The legal body went on to say that it supported OPBAS but added that there is an alternative option in “the transfer of those responsibilities to the LSB”. 

Reform the system

The consultation was launched following the government’s commitment to the Economic Crime Plan 2023–6 to reform the AML supervisory system. There are currently 22 professional body supervisors supervising across the accountancy and legal sector, alongside the Financial Conduct Authority, the Gambling Commission and HMRC. 

AML supervision has faced increased scrutiny as the government has continued to clamp down on money laundering, with professional bodies feeling the wrath of the OPBAS. The varying supervision across the supervisors was picked up by the supervisors of supervisors in its fourth report in April, where OPBAS told some professional bodies to “step up their efforts”.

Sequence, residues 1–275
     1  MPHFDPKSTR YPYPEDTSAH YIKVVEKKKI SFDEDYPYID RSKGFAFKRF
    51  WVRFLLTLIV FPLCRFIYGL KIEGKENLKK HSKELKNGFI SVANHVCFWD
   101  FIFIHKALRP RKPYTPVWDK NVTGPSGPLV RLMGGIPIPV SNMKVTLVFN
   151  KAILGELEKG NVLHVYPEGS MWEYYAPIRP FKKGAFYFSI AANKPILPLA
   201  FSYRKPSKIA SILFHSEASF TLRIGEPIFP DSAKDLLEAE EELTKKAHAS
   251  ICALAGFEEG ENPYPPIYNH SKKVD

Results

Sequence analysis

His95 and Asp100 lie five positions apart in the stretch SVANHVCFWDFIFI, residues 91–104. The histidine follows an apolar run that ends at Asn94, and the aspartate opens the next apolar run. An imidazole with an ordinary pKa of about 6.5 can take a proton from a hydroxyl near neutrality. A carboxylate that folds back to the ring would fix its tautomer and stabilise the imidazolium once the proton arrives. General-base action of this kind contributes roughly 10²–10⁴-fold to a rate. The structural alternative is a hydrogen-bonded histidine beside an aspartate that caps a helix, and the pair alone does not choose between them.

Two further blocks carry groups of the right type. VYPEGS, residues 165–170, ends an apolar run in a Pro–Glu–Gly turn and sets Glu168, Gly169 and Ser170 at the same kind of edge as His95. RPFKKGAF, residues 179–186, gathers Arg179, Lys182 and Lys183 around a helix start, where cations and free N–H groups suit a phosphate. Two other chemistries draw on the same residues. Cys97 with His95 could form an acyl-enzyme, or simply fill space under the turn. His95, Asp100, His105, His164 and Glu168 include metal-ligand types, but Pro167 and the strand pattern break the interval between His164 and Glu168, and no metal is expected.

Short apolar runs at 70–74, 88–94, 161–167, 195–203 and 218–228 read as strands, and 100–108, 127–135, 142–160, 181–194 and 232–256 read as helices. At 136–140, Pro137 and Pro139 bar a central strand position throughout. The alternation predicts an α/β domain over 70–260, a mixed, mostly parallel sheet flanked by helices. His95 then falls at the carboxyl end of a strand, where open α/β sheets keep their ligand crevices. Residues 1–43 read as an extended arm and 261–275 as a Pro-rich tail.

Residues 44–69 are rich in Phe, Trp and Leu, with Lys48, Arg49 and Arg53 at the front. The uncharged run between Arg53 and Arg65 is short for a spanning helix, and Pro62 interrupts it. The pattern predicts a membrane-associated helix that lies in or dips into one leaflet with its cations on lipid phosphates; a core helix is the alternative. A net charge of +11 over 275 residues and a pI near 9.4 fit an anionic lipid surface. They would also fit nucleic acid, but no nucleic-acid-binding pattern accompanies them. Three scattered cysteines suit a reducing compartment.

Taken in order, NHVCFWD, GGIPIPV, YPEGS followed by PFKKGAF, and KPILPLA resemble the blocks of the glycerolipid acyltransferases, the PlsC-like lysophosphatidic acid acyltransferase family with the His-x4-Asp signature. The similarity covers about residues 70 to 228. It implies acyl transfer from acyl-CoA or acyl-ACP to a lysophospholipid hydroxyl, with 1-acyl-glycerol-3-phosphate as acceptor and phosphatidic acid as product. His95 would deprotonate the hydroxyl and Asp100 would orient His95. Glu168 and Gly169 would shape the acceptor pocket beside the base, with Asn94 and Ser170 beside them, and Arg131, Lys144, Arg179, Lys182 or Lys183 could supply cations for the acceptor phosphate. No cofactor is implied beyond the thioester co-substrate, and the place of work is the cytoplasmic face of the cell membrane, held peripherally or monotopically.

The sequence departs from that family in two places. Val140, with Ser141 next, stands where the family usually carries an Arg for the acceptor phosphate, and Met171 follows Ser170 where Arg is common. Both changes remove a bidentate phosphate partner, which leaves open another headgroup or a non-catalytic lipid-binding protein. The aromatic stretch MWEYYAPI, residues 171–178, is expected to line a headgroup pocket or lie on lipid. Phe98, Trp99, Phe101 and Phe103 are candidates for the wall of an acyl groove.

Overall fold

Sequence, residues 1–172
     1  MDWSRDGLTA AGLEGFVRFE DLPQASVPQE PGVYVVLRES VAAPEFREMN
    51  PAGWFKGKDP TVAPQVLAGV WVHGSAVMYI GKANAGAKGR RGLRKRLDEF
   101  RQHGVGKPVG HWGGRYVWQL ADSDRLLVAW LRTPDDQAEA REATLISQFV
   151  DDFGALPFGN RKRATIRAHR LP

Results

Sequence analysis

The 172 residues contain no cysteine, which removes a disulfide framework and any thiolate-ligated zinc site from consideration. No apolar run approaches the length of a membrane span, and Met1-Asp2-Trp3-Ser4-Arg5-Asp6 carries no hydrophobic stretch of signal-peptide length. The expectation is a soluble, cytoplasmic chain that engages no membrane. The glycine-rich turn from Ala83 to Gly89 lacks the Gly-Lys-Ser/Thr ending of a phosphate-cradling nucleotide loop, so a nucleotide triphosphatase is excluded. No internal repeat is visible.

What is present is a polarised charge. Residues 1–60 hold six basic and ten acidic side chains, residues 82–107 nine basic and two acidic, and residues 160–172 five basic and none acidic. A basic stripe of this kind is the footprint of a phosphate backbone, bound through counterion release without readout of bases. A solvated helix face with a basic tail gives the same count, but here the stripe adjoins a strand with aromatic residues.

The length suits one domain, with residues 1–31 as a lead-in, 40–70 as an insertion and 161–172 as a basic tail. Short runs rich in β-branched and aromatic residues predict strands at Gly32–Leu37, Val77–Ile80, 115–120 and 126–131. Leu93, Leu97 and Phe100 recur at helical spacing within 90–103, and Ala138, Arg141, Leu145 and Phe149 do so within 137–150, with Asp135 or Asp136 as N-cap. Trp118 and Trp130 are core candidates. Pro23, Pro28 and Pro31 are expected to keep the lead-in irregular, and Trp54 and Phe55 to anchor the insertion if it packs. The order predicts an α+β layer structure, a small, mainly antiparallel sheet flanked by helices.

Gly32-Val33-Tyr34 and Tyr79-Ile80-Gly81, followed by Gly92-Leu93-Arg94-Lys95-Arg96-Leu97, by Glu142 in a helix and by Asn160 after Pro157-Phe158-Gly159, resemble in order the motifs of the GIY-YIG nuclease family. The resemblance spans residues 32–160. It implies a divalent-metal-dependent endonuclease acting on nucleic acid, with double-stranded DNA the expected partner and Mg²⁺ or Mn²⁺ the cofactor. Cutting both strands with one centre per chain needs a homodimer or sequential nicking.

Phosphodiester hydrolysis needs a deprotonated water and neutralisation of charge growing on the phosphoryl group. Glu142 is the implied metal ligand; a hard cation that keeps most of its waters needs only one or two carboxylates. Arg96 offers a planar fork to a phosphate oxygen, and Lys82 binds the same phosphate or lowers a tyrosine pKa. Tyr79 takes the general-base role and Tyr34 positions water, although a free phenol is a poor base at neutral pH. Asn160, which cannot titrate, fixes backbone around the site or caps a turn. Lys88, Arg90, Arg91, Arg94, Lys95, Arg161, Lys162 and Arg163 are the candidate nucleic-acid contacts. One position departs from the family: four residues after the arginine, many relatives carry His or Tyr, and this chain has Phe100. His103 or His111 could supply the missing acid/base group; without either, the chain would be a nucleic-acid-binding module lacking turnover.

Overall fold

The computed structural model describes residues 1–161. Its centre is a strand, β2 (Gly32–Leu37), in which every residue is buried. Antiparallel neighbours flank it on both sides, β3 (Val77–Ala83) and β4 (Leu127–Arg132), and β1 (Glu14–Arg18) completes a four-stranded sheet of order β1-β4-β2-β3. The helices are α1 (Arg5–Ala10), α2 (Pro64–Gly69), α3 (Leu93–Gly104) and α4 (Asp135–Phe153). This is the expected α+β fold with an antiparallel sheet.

The consultation closed at the end of September after running since 30 June. The Treasury is currently reviewing the feedback before announcing the next step of the AML reform.

Replies (14)

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By Duggimon
10th Oct 2023 09:58

Currently, our professional body visit us in the office and check our money laundering processes are operating as they should. I have absolutely no doubt that a single central regulator responsible for all accountancy and legal firms would be completely underfunded and entirely unable to keep up with this and would replace it with something far easier to get around for those bad actors.

Why is the government's instinct in every single proposed reform to take a process that works but has a few issues and replace it with something that doesn't fix those issues but just makes more, bigger, different issues?

Thanks (8)
By johnjenkins
10th Oct 2023 10:04

Since AML started it has not made an iota of difference to scammers, drug barons et al.
All AML does is create more unnecessary costs and work for the Accountancy profession.